India, Iran agree to renegotiate LNG price
1-Jan-1970


With India offering higher price to Iran for importing five million tonnes of natural gas from 2009, the two sides today agreed to renegotiate the deal struck last year.

The deal between the two nations did not materialise after New Delhi rejected Tehran's demand for $5.10 per mBtu, compared to the agreed price of $2.90 per mBtu.

?A little more price is ok, but the new price should not be very high from what we had offered,? Petroleum Minister Murli Deora said after an hour-long meeting with the visiting Iranian Foreign Minister Manouchehr Mottaki.

The softening of the stance on part of Tehran should be seen in the context of Indo-US civilian nuclear deal going through the Senate and New Delhi tapping other regions to meet its energy requirements.

Mr Deora said, ?Iran has given a specific formula on the basis of which we will see how we can move further. There is some understanding between us of the need to renegotiate. Iran has given us time.?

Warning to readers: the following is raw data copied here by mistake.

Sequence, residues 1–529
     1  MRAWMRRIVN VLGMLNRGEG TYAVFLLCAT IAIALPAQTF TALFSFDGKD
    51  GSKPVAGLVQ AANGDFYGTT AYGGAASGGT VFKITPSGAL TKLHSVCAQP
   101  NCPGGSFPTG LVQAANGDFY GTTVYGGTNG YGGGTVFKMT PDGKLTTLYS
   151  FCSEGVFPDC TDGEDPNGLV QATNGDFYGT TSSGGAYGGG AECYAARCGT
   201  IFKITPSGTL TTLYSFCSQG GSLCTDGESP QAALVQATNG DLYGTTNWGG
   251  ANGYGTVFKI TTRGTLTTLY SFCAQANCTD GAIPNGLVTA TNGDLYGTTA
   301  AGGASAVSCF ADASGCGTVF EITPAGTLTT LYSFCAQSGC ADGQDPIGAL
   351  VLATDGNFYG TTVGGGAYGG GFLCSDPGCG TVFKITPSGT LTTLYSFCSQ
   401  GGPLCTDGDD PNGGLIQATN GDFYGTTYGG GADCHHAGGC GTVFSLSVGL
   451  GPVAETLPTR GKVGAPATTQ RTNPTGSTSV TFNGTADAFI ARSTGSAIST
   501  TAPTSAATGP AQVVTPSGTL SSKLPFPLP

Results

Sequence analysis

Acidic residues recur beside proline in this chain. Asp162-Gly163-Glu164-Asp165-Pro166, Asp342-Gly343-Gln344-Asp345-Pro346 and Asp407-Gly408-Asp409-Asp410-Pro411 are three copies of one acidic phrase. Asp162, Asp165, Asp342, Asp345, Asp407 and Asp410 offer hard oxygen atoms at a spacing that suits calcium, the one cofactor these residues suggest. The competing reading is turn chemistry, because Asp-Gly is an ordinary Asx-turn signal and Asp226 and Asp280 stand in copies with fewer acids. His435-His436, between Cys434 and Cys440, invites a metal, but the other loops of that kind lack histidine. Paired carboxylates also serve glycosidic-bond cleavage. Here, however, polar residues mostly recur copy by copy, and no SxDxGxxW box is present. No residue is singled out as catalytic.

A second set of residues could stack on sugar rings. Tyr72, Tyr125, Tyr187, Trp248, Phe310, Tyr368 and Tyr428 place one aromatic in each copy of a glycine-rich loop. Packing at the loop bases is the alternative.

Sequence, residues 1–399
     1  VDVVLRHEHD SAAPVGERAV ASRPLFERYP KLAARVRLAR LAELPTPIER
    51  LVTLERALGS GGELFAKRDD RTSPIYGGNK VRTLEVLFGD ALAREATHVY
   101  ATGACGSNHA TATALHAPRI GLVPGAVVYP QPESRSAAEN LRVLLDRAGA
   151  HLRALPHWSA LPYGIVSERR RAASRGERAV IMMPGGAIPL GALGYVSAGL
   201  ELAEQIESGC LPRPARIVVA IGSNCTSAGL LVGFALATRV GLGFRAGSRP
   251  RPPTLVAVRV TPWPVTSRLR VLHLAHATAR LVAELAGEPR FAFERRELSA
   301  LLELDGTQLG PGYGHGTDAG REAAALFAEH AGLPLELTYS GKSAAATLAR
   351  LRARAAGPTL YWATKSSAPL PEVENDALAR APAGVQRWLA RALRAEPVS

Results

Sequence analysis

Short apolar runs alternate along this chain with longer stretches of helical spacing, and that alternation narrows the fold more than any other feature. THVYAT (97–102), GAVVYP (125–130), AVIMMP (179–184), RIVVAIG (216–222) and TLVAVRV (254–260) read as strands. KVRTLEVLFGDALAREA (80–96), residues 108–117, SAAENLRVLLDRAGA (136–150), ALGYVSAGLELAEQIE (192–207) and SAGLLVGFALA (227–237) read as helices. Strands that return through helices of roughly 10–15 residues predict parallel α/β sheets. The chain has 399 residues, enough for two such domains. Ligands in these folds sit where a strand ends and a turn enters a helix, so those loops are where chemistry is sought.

?With the new formula I am hopeful that the deal would fructify,? he said, without disclosing the formula.

Mr Mottaki said Iran was keen to press ahead with both the LNG deal and the gas pipeline.

"I am sure with further negotiations with a specific formula we will finalise the LNG imports from Iran to India," he said. "Based on political will, India will receive gas very soon," he added.

The Iranian minister said the price offered earlier by New Delhi was very low.

He said there was ?political will on both sides? to finalise the LNG deal as also the multi-billion dollar tri-nation Iran-Pakistan-India gas pipeline project.

Both ministers said the final report of the consultants on the price to be paid for Iranian gas to be delivered through the proposed $7 billion pipeline would be available soon and a Secretary-level trilateral meeting would be held in Tehran next month on the issue.

Mr Deora said India required more gas supplies, primarily to meet the requirement of the power and fertiliser sectors, and said the high global gas prices had necessitated India's decision to agree to renegotiate.

While India has so far been maintaining that the deal, clinched in June 2005 in Tehran for LNG supply from 2009, is final and binding, Iran has taken the stand that the contract needed to be ratified by higher authorities.


Source: The Tribune, New Delhi
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